1. 43
    1. 17

      I’ve been writing Python for years and had absolutely no idea else could do this. Massive thanks for this short, sweet article.

    2. 11

      Very simple syntax, but I’m not sure I like these constructs. Unless I remember the specification, my knee-jerk reaction is to be surprised and suspicious upon seeing that kind of code. Is it going to be executed or not? Is it a merge conflict resolution gone bad? Especially if there are neighbouring if/else blocks with almost correct indentation.

      Although, I must admit the for/else variant is great for simplifying searches in iterables :)

      1. 6

        This is one of those cases where I think the Python solution is elegant but impractical. I find it much harder to reason about (and consequently I strongly suspect it is more error prone) than (for example) the Go solution to the same problem, which is to continue LABEL (example). That said, I recently screwed up some Go code by typing goto instead of continue, thereby creating a surprising infinite loop.

      2. 3

        I predict that your knee-jerk surprise and suspicion will give way to mild feelings of approval as you get more comfortable with Python idioms. Other languages I’ve known have much stranger idioms, which also become ‘intuitive’ with familiarity. Language is a wonderful thing.

        1. 2

          Is it an idiom (as in, commonly used pattern)? I’ve known about this for years, but never used or seen it in any code.

      3. 2

        In my opinion, the most basic requirement of someone working on Python code is to know Python’s syntax. And in fact that goes for any programming language. One of the best things about Python is that it has really simple syntax for a language of its type (nothing approaching Lisp’s simplicity). It requires only a single token of lookahead to parse, which I think helps humans and computers. There are no “garden path” syntactic constructs where you only realise half way along a line that you need to go back to the beginning and start parsing that line again, like you can get in C++:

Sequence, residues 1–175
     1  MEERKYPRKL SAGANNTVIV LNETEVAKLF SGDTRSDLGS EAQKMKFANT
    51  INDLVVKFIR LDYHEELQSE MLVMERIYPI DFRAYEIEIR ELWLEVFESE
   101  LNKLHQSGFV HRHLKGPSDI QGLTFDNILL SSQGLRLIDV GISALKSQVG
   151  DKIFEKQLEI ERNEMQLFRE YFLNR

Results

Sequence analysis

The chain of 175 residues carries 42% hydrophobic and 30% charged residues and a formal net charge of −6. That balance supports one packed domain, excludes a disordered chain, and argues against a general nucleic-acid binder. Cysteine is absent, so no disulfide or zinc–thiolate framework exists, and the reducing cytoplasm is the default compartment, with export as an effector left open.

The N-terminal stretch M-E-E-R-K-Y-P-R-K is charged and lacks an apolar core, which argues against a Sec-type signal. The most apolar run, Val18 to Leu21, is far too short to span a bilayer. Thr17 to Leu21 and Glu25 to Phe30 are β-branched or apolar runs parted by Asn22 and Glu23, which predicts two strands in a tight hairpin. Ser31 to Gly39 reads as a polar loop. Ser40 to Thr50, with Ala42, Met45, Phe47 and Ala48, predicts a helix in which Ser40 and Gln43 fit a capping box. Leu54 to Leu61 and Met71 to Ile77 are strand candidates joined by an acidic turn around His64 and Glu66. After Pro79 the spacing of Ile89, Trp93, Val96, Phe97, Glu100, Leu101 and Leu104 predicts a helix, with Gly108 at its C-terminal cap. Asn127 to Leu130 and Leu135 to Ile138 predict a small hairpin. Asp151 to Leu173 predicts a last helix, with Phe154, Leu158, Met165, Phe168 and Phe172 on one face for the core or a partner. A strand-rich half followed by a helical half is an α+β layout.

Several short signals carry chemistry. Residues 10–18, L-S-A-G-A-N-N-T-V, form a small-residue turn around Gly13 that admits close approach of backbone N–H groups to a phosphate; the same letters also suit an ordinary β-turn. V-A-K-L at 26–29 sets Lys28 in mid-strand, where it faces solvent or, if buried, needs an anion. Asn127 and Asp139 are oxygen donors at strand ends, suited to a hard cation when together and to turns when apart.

x * y = z;

        So when you say ‘Unless I remember the specification’, it makes me wonder whether you actually know the language properly or whether you’re just cargo-culting code based on some sort of surface-level knowledge of the language that you’ve gained only by reading a lot of code. Python’s grammar is right there in the documentation, all these constructs are well-documented and I remember them being covered in the first Python book I ever read, so there’s really no excuse not to be familiar with them.

      4. 1

        I know a lot of people aren’t really fond of Django’s template language, but its for tag uses an optional empty block instead of an else block to clarify that it’s only for things you want to do when the thing you tried to iterate was empty.

        1. 4

          …which is not the same as what for/else does.

          1. 1

            While it’s true that Python’s for/else is not quite identical to the Django template language’s for/empty, handling an empty iterable is the primary use case I’ve seen in the real world for people using Python’s for/else, and avoids some of the confusion of what Python’s for/else actually does (which is, I’d argue, a poor fit for else).

        2. 1

          A lot of template engines support this. Actually, I think pretty much all of the ones I’ve worked with over the years across a variety of languages.

    3. 7

      Don’t forget the ternary expression form of if/else: <e1> if <condition> else <e2>. Very concise and handy.

      1. 2

        I was only on a python project for about a year, but this one always tripped me up for some reason. My brain just couldn’t handle the condition being in the middle, sandwiched between the outcomes.

    4. 7

      I had a lot of trouble understanding the description of try/except/else. For anyone else who is confused, it works like this:

          # Run this first. Exceptions will be caught by `except`.
      except ValueError:
          # Jump to this if the `try` block threw an exception.
          # Run this after the `try` block, only if the `try` block didn't throw an exception.
          # Exceptions thrown here will *not* be caught.
      • How is the else block different from just writing code after the try/except construct?
        • The else block will only run if an exception was not thrown in the try block.
      • How is the else block different from writing code at the end of the try block?
        • Exceptions in it will not be caught by the except block. That is, exceptions in it are unexpected and shouldn’t be hidden.
    5. 3